Before I knew it we had created another brand. iRiS AR was designed as a template app for universal augmented reality (AR) experiences. As an idea its one constraint was that the functionality was geared to promote a range of corporate AR enabled advertisements, and as a result we decided to have the app take on a generic art direction. An early brainstorm considered the novelty of AR and landed the name “iris” with the idea of branding a new perspective on vision. I created the app icon on a whim on a weekend and continued to maintain its design along with the graphical user interface (GUI) of the iRiS AR app.
Halifax, N.S―Ad-Dispatch, North America’s leader in augmented reality development, have partnered with Astral Out-of-Home, leaders in outdoor advertising, to launch the first ever universal AR application. This unique partnership is the first of its kind. iRiS AR is a smartphone and tablet application that allows users to discover interactive AR experiences from imagery of companies interested in advertising on billboards, transit shelters, and other signage.
The iRiS AR app launched in August 2012 as a hub for AR marketing campaigns. Its early success drew awareness to the studio through the design of the iRiS brand, and the icon transitioned to company logo in mid-2012. This news broke as a pleasent surprise followed by a scramble to prepare the working files from the app icon for use in branding across media, for print on mini company-wide business cards and massive high-resolution posters.
Drambuie: A Taste of the Extraordinary
The release campaign for the iRiS AR app featured Drambuie―the original iRiS AR experience: A Taste of the Extraordinary. The clients called for a very creative art direction, “an experience of the surreal.” The idea was that a Drambuie bottle appeared in 3D in front of Drambuie billboards when people viewed them with their mobile phone with the iRiS AR app, and people tapped their phone to tip the bottle and see it spin and spill Drambuie… droplets that floated… up into the night sky.
iRiS AR A Taste of the Extraordinary screenshot
The technical challenge for me was to make the Drambuie bottle and liquid look and animate like the physical product except on a phone and in AR in an environment where computer processing was at a premium. A performance-based animation rig made it possible to spin and tip the bottle on edge without runtime rigid-body simulation or complex animation data. The “liquid” also needed a creative rigging solution because a runtime fluid simulation was not an option. Our lead developer on the project was Lionel Mille―he and I then needed to optimize the layered shaders in Unity 3D to find the look that best represented the reflection and refraction of Drambuie, both inside its bottle and as it emptied as floating golden droplets.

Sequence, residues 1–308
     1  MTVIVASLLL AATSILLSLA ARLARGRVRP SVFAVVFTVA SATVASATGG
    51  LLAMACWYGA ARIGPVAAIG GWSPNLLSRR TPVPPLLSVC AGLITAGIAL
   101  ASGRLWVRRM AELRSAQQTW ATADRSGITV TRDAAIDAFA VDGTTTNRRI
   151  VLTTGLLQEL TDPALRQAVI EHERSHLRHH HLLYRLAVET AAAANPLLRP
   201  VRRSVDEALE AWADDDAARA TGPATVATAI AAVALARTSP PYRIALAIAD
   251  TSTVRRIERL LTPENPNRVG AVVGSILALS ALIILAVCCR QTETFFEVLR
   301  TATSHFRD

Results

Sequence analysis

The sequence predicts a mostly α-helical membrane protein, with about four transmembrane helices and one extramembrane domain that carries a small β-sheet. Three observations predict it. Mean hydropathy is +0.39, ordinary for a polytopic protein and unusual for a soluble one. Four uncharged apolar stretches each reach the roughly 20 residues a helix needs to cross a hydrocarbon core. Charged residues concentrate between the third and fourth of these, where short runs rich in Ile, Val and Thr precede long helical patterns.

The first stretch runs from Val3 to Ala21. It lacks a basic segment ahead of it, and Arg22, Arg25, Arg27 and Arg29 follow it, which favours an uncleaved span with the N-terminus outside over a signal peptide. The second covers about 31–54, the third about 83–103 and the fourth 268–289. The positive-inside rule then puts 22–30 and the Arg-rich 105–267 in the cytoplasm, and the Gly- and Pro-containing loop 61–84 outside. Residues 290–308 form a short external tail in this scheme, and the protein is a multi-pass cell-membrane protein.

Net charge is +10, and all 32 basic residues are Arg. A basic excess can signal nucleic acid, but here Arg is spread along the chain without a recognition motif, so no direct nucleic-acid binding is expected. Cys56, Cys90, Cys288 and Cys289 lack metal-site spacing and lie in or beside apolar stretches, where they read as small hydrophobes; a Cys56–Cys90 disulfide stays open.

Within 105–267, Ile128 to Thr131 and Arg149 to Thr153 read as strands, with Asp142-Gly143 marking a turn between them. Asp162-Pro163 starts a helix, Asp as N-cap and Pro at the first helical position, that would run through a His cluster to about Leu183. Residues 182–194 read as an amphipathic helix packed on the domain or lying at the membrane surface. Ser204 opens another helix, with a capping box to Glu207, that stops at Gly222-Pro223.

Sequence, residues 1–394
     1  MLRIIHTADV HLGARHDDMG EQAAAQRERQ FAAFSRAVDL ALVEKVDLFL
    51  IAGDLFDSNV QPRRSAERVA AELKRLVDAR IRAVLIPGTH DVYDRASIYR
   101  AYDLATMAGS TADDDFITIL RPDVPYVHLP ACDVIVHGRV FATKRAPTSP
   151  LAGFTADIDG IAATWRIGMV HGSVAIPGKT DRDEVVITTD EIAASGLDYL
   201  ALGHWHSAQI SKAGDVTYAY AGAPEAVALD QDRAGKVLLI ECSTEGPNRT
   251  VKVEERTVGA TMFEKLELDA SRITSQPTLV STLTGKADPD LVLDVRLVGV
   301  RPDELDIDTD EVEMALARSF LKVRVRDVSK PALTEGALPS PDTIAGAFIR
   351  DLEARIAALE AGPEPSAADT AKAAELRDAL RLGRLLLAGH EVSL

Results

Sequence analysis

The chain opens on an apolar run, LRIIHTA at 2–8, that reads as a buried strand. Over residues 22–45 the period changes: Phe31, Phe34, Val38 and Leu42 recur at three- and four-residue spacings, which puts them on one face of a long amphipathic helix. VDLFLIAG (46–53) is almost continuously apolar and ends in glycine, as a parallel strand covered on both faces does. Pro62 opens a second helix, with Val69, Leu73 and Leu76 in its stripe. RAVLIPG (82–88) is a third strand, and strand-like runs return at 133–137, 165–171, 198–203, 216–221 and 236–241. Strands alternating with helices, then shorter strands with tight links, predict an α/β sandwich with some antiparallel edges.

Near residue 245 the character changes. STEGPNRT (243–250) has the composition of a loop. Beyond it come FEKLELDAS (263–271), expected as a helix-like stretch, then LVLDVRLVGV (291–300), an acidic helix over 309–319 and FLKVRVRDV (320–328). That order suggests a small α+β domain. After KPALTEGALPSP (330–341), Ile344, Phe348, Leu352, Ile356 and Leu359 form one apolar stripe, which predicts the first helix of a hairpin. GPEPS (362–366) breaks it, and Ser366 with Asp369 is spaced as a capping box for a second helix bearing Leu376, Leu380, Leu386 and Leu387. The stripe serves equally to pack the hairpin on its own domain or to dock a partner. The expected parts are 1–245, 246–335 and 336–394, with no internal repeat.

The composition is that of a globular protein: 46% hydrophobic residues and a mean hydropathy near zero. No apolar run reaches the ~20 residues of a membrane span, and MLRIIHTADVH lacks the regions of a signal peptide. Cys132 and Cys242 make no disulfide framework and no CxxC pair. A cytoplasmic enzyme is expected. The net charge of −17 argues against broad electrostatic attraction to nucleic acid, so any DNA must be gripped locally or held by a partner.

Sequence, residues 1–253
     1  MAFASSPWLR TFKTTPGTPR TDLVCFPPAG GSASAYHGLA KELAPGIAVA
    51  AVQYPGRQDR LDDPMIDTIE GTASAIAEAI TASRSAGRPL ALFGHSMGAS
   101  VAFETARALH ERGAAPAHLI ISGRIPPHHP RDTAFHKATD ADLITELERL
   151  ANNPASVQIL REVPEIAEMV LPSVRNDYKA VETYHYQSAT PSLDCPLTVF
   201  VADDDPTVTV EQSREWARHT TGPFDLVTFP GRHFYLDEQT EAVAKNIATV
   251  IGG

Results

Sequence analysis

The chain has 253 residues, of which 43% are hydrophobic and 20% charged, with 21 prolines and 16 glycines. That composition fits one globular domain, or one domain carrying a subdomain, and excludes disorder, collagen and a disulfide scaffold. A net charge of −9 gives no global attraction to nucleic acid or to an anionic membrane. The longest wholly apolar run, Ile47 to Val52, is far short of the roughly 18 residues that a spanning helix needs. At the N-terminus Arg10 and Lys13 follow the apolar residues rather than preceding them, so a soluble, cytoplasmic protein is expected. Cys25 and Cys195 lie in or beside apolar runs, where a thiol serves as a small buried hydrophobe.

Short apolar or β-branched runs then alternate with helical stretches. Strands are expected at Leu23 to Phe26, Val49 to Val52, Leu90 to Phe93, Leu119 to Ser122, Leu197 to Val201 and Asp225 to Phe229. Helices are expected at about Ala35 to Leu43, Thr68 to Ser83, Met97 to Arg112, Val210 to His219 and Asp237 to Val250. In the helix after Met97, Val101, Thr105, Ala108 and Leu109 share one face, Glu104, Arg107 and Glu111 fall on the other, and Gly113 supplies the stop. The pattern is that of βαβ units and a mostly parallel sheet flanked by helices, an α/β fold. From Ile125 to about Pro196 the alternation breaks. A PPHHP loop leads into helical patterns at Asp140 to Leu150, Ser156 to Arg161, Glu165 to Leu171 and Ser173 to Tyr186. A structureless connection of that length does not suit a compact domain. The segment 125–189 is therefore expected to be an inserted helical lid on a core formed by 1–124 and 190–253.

Select bus stops in Canada, below, were decorated for the occasion.
CN Tower: Edge Walk
Another early and fun client for iRiS AR was CN Tower, a major tourist attraction and the world’s largest free standing tower measuring at 553 meters found in Toronto, Canada. They were promoting an attraction where you can walk around the outside edge of the tower in a harness that is attached at 356 meters up. Ad-dispatch was challenged to re-create the experience on the Edge Walk on a mobile phone. And so to re-create the view of the Toronto skyline and cityscape from the CN Tower, we designed a VR experience that used the same gyroscope technology as is used for AR, and this time with a full digital world for people to look around in. The idea was to give people the experience of the CN Tower Edge Walk from their iPhone, iPad or Android―triggered off bus shelter poster ads around Toronto as well as billboards at Dundas Square.
Our lead animator was sent on a research trip to try to capture that magical feeling of vertigo, hanging off the side of the CN Tower. Oh, and we worked on this project in winter in Canada. The Edge Walk was closed due to cold weather (-35 degrees) and strong winds on the day San “the man” Mathew was scheduled to go up. He went up and gathered reference the very next day and has written an account of his experience, here. Spoiler: San made it back to the studio and stitched the panorama, below, from his vantage point from the rooftop of the CN Tower.
Meanwhile, I modeled a Canadian Forces Snowbird from a computer at the studio not at several hundred meters up in the sky, and for a bonus feature, below-right, for the same iRiS AR experience. Postscript: The app went on to win a Merit Award at the 2013 Ice awards in the multimedia category.
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